Over the 21st century north American ecosystems will change dramatically as species shift north and to higher elevations. An important key to success in North America will be developing the capacity to incorporate climate change information into adaptation in the context of other important technological, social, economic and ecological trends.
To read more about the most recent patterns of climate change in North America in IPCCs Fifth Assessment Report (AR5) click here. The Climate Change 2014: Impacts, Adaptation, and Vulnerability is still subject to final copyedit.
Climate Change and Canada
The latest report from the Intergovernmental Panel on Climate Change (IPCC) sends out another warning of the dramatic changes taking place in the global environment, but there are parts of Canada that stand to gain from a warmer world. The artic for instance is warming 4 times faster than the rest of the planet, bringing about dramatic environmental change, but that same change opening up the North to commerce. By the middle of this century, the top of the world is expected to be ice-free for 125 days a year, considerably above the current 50 days. That open water provides a very convenient shortcut between Europe and Asia for shipping, access to vast resources of oil and gas, opens the door to ecotourism, and, of course, that all translates into jobs. On the negative side opening up the North to commercialization will only increase speeds of global warming along with negatively impacting the animals and people that live there. At the moment Canada is putting short term economic gains before long term environmental costs. According to the Washington-based Center for Global Development, Canada has fallen to dead last compared to 27 other OECD countries (Organisation for Economic Cooperation and Development) when it comes to climate change remediation.
Canada’s Sixth National Report on Climate Change outlines the actions the Canadian government is taking to respond to the challenge of climate change. Immediate and future actions on climate change include: reducing greenhouse gas emissions, transition to a clean energy economy, addressing short lived climate pollutants, investing in an improved understanding of climate change and adaptation strategies, providing funds for arctic research, participating in climate change discussions on an international scale, and by working with developing countries to help them respond to the challenge of climate change.
Climate Change and Ontario
Climate change is a shared responsibility in Canada. Provinces and territories have been taking action to address climate change according to their unique circumstances. Ontario’s policies and measures to address climate change mitigation are outlined in the Climate Change Action Plan. Released in 2007, the plan set province wide emission reduction targets and outlined a range of initiatives to reduce GHG emissions and support a sustainable, clean, low-carbon economy. Targets in Ontario’s Climate Change Action Plan include:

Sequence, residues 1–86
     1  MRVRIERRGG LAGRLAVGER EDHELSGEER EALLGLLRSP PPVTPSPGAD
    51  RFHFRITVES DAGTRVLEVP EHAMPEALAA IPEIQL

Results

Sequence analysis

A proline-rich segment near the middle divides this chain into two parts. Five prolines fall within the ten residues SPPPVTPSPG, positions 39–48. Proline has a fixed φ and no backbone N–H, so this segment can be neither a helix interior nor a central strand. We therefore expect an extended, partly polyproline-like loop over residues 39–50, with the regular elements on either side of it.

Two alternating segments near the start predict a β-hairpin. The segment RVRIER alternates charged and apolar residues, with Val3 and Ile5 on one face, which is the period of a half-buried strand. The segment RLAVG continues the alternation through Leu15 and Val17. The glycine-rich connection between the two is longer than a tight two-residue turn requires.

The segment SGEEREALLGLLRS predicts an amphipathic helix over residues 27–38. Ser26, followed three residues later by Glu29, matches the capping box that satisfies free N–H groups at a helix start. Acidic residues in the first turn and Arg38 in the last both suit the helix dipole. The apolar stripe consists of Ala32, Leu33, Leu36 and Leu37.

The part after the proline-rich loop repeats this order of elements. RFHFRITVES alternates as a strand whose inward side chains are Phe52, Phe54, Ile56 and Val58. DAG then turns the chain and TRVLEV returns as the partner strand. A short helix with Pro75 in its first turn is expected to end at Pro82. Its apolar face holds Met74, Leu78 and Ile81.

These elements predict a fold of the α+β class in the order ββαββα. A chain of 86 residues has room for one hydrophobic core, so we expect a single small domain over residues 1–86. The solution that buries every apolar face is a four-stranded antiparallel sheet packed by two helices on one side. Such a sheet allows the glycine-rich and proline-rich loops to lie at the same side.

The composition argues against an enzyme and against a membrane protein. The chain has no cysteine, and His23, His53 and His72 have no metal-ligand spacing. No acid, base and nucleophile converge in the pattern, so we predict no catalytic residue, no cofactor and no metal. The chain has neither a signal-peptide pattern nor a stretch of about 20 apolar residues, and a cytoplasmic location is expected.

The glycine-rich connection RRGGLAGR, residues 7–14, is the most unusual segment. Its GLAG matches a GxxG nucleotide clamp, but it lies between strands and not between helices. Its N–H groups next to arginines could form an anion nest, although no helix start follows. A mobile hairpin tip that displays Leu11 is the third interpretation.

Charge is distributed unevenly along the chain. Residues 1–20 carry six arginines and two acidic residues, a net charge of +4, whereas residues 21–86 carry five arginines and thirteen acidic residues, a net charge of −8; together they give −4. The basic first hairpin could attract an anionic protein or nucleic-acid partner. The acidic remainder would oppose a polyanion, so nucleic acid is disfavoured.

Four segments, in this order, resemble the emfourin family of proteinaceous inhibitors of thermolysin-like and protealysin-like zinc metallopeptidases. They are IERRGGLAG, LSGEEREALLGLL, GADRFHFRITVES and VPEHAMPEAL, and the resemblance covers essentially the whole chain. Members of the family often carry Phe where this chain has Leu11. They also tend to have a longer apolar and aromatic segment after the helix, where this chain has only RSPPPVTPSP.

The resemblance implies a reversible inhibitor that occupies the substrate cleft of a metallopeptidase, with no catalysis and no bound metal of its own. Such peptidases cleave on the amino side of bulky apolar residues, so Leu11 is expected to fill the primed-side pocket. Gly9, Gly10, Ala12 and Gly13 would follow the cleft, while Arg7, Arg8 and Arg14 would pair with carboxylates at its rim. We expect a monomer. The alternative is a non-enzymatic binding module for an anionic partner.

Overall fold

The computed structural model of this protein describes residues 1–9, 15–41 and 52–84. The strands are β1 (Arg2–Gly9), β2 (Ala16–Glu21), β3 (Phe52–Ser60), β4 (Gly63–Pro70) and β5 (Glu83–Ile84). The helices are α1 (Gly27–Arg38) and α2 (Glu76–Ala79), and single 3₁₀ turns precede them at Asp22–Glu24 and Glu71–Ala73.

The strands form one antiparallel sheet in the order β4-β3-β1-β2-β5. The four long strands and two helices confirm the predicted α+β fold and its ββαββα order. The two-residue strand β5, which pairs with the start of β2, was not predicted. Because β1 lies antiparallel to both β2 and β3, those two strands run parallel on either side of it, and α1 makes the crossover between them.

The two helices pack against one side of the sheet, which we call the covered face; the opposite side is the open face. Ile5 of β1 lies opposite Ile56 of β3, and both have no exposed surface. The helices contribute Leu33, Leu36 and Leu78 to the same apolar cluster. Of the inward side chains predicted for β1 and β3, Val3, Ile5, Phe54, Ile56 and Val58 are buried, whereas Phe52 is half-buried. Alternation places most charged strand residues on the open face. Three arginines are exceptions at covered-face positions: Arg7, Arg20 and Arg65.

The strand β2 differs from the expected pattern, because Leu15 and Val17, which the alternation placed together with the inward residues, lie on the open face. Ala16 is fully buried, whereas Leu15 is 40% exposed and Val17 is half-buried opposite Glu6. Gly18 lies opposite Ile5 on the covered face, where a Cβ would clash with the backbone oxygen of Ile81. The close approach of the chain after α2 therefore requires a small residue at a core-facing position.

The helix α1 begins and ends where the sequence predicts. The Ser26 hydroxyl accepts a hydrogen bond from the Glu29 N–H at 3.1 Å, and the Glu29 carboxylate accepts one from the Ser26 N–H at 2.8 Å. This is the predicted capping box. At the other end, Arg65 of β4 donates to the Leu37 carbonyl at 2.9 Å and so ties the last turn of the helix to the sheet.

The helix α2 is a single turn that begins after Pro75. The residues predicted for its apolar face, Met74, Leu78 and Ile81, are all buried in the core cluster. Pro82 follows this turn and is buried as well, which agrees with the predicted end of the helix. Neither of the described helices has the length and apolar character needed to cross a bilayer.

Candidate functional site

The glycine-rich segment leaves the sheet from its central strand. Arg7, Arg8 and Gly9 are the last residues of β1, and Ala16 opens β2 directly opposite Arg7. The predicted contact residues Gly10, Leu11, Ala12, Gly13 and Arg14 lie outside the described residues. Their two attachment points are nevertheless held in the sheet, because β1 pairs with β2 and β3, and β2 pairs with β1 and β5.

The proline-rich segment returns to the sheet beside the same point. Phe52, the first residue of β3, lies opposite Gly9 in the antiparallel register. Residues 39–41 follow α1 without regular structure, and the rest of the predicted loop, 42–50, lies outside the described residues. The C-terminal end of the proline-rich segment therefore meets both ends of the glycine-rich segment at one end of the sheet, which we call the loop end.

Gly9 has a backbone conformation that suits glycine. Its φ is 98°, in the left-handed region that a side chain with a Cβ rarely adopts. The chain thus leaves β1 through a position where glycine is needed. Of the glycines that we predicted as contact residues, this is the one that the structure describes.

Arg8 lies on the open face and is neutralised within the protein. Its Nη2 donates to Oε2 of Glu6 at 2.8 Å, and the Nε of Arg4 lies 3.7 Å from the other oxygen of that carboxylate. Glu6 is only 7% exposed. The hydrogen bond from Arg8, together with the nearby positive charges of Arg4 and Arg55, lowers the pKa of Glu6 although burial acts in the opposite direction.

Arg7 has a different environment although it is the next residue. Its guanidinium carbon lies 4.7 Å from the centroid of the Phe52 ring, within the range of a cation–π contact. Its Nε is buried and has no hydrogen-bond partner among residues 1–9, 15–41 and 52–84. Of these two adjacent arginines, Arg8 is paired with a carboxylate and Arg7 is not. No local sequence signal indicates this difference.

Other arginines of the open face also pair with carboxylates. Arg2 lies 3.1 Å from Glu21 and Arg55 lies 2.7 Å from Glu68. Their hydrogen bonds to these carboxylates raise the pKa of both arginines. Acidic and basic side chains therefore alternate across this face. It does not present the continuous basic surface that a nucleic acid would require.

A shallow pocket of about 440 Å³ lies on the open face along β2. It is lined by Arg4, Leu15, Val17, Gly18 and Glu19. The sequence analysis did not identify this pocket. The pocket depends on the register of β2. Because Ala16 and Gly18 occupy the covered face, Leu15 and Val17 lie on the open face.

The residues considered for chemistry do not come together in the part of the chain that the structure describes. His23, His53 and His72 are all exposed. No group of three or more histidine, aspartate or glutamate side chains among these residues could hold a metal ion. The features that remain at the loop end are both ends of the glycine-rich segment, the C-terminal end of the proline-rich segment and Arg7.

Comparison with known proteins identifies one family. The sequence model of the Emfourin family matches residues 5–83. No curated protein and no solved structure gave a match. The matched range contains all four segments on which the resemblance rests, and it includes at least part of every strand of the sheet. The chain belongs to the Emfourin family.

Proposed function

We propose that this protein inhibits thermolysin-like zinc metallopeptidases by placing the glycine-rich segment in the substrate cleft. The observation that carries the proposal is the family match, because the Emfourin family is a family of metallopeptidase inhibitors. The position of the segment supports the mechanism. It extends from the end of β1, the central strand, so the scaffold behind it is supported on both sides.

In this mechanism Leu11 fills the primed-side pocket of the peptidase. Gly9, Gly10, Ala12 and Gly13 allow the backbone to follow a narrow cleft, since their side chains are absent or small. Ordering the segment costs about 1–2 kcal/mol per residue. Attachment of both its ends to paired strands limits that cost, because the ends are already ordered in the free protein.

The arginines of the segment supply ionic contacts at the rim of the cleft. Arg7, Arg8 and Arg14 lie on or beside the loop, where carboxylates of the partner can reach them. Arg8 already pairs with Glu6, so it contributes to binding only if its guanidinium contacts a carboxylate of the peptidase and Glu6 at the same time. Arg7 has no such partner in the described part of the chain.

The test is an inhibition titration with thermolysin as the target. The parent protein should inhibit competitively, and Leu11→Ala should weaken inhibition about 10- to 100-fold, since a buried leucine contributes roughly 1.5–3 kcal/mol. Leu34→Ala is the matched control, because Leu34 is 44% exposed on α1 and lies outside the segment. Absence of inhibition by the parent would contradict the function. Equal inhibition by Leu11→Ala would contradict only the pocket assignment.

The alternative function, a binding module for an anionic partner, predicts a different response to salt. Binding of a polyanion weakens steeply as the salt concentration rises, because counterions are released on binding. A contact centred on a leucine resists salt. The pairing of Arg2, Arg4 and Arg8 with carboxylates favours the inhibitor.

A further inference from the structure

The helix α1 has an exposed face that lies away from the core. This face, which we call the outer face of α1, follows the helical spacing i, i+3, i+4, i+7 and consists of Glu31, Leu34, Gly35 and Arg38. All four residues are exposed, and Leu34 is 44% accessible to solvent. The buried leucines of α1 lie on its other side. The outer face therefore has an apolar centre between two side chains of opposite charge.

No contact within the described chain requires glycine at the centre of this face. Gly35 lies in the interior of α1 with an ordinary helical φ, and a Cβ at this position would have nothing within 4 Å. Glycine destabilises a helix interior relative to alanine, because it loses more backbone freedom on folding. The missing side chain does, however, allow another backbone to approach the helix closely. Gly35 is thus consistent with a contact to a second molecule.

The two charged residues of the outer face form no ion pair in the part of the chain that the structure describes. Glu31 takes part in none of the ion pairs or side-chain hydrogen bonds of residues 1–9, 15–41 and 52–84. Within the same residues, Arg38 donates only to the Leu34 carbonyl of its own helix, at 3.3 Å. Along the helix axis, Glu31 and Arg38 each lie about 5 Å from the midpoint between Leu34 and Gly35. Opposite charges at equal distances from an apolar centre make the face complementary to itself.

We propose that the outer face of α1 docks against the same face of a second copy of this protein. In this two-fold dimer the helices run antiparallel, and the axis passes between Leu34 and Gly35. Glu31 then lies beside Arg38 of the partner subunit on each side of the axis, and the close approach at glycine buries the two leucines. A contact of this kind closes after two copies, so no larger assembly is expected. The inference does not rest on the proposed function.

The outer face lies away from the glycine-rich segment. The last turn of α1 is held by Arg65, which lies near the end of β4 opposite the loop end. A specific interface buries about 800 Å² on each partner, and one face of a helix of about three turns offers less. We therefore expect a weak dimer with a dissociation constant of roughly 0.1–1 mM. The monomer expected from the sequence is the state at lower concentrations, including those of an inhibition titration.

- Reducing Ontario’s greenhouse gas emissions to 6 per cent below 1990 levels by 2014
- By 2020 Ontario will reduce greenhouse gas emissions to 15 per cent below 1990
- By 2050 we will reduce greenhouse gas emissions to 80 per cent below 1990 levels.
Conservation Ontario is a non-governmental organization that represents the 36 Conservation Authorities within Ontario. Conservation Authorities are local, community-based environmental agencies. They represent a grouping of municipalities on a watershed basis and work in partnership with others to manage their respective watersheds. The Conservation Authorities Act provides the means by which the province and municipalities of Ontario could join together to form a Conservation Authority within a specific area – the watershed – to undertake programs of natural resource management. Today, Conservation Authorities operate in watersheds in which 90% of the provincial population reside.
Climate change impacts Ontario’s water resources and the effects are expected to escalate as we move into the future. Some of the impacts that Conservation Authorities have already identified and are responding to include:
- threats to water quality and supply
- rising temperatures and changing precipitation patterns which create more drought conditions and more frequent severe weather
- more extreme rainfall which is leads increased flood and erosion problems
- lowered river flows and warmed surface waters
- dried out wetlands
- degraded biodiversity
July 2014 Conservation Ontario media release on how Conservation Authorities are on the Frontlines Managing Impacts of Climate Change.
Ministry of Natural Resources
The Ministry of Natural Resources and Forestry (MNR) works to promote healthy, sustainable ecosystems and conserve biodiversity (the variety of life on Earth). In pursuing its goal of a healthy natural environment for Ontarians, the ministry is contributing to the government’s climate change strategy by planting 50 million new trees and ensuring sustainable forest practices. The ministry is also putting Ontario’s Biodiversity Strategy into action. The ministry is implementing the Endangered Species Act, which provides protection for our most vulnerable species and has made us a leader in North America in species protection. For more information what MNR is doing to adapt to and plan for climate change read the 2013-2014 Ministry of Natural Resources Results-based Plan. Another important MNR publication on climate change is the 2011 natural resources management guide to prepare for and respond to climate change.
Gord Miller (Environmental Commissioner of Ontario)
The Environmental Commissioner of Ontario is the province’s independent environmental watchdog. Appointed by the Legislative Assembly, the ECO is tasked with monitoring and reporting on compliance with the Environmental Bill of Rights, and the government’s success in reducing greenhouse gas emissions and in achieving greater energy conservation in Ontario. Gord Miller has been the environmental commissioner of Ontario since 2000, as such he is responsible for producing annual reports on the state of Ontario’s environment. Click here for climate change reports by the environmental commissioner of Ontario.
Climate Change and MVCA
As the government body appointed to manage the Mississippi Valley watershed, MVCA aims to balance your needs with the needs of the environment to protect the things you love like safe drinking water, local ecosystems, your property, and a healthy economic framework based on recreational tourism.
In order to protect the needs of the environment, in 2007 MVCA initiated a climate change adaptation strategy to study how weather patterns will change in Eastern Ontario’s Mississippi watershed, the affect these changes will have and how best to adapt. Climate change is a hot environmental topic and MVCA is at the forefront of Conservation Authorities looking at these issues from a water management perspective.